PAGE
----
assuming that the instrumental variable assumptions are met.

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So at this particular example you might be thinking that the IV

assumptions don't seem plausible [INAUDIBLE]

because people who lived near four year

college might differ from people who don't in a lot of different ways moving.

For example, living near four year college that the housing in that area

might be more expensive, so these might be higher income families.

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So we might want a control for some of those kinds of variables.

Demographic kinds of variables, numbers of years of parents education.

But maybe once you control for a number of those variables, maybe given that,

then this does living near a four year college

does meet the instrumental variable assumptions.

So sometimes these iv assumptions you might assume are only true

conditional on covariants among people with the same values as the covariants.

And so you can do that using this iv, you can still use ivreg,

and now you can just control for a bunch of other covariants.

So I'm not going to walk through what each of these means they have unfortunate

names, very generic kinds of names.

But in the data set itself if you look at it they'll, you can find out what each of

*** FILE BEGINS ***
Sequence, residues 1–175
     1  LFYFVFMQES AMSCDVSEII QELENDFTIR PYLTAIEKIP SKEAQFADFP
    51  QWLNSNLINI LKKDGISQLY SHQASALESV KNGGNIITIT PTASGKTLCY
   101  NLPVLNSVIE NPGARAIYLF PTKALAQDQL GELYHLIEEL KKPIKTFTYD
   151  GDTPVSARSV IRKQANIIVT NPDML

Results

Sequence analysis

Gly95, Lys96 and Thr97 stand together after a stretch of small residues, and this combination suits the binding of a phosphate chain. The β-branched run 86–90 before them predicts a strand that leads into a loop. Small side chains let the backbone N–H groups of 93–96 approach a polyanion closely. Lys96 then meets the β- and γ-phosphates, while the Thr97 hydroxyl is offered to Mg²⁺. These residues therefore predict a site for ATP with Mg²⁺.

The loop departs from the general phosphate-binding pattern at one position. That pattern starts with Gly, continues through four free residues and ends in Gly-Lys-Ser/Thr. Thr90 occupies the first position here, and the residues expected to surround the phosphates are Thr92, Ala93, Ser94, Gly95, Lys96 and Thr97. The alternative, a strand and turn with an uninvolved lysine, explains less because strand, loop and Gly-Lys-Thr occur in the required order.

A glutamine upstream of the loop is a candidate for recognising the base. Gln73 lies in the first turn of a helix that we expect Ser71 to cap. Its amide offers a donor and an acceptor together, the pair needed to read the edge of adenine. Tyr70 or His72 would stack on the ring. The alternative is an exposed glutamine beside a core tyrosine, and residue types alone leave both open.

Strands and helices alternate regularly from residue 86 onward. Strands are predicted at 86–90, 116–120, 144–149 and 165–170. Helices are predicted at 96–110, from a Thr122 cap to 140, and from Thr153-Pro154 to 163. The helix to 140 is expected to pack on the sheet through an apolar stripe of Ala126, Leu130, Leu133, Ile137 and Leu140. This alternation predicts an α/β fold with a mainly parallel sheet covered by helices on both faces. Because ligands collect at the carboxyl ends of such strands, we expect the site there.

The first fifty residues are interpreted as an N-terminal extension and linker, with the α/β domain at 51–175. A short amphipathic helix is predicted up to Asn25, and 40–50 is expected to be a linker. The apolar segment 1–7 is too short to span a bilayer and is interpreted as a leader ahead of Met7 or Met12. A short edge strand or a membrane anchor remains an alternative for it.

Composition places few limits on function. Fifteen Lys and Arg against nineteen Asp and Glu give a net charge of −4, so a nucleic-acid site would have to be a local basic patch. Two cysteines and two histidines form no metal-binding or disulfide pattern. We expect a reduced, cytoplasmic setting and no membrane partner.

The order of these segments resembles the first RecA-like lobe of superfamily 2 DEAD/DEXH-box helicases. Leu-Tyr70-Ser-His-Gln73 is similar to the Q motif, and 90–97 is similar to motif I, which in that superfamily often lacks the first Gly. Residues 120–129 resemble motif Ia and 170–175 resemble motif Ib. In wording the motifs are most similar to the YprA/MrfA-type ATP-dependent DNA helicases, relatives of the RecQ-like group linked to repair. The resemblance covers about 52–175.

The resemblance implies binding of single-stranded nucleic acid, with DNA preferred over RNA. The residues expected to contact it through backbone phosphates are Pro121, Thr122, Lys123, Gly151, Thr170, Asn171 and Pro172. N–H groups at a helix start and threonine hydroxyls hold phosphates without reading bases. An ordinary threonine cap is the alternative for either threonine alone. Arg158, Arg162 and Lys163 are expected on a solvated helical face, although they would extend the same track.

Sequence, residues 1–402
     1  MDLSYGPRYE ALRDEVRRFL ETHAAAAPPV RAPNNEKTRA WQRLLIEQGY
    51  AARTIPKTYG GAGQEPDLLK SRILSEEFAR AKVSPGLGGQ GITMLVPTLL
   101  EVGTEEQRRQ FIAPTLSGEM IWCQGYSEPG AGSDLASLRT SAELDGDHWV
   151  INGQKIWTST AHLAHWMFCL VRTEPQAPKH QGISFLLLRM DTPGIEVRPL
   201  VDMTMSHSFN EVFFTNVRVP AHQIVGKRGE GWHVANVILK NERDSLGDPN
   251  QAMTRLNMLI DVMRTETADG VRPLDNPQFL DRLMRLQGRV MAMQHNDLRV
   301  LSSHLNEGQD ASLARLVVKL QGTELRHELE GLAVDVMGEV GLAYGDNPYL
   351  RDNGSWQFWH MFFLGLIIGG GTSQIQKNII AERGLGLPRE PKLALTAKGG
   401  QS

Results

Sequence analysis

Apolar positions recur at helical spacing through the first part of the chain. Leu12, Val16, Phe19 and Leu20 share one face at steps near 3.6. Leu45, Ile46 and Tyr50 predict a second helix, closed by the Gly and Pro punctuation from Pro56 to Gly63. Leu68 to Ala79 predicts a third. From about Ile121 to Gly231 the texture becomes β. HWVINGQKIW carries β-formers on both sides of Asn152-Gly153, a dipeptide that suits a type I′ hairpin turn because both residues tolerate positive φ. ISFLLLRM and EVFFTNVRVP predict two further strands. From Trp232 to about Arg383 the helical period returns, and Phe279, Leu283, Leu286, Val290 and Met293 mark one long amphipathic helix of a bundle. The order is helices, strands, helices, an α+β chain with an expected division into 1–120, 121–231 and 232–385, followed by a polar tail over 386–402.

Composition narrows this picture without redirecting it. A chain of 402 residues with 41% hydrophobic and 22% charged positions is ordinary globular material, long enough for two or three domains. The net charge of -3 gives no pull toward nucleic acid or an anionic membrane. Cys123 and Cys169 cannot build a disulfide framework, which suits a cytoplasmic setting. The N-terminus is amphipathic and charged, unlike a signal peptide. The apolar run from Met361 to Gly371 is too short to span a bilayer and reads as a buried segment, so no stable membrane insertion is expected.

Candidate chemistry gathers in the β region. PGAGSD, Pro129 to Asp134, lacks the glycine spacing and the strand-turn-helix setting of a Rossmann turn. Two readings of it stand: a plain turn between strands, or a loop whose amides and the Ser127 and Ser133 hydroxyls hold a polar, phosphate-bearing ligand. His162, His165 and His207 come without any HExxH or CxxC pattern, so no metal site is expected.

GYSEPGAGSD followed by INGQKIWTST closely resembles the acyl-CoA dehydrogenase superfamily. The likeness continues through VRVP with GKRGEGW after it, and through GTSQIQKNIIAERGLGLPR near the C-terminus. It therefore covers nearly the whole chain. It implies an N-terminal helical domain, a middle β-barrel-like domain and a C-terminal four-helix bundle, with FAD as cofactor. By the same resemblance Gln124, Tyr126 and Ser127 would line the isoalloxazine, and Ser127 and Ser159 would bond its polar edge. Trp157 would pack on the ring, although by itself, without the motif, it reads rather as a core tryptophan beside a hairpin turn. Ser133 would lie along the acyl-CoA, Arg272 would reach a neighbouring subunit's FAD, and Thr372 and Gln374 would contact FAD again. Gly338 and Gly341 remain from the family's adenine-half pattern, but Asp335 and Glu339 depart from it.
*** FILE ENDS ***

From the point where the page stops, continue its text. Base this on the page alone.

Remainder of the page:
these variables means, but I just wanted to show you how you can actually do it.

So we have an outcome.

We have treatment.

And then we just have a bunch of variables that we want to control for.

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And then in the first stage, we have to tell what the instrument is, and

also in the first stage we'll control for all of the covariates.

So if you do this, you'll get the same kind of result.

You want to look at the coefficient of the treatment variable but

now, you're just controlling for a bunch of other variables.

And so you'll see now, our coefficient's slightly different.

It's a 1.2, still highly significant.

And so we're still seeing pretty strong evidence of

the number of years of education leading to an increase in wages, so

here even after you control for all of these different variables.

And so this is how you could carry out two stationary square kind of analyst if you

had other covariates that you wanted to control for.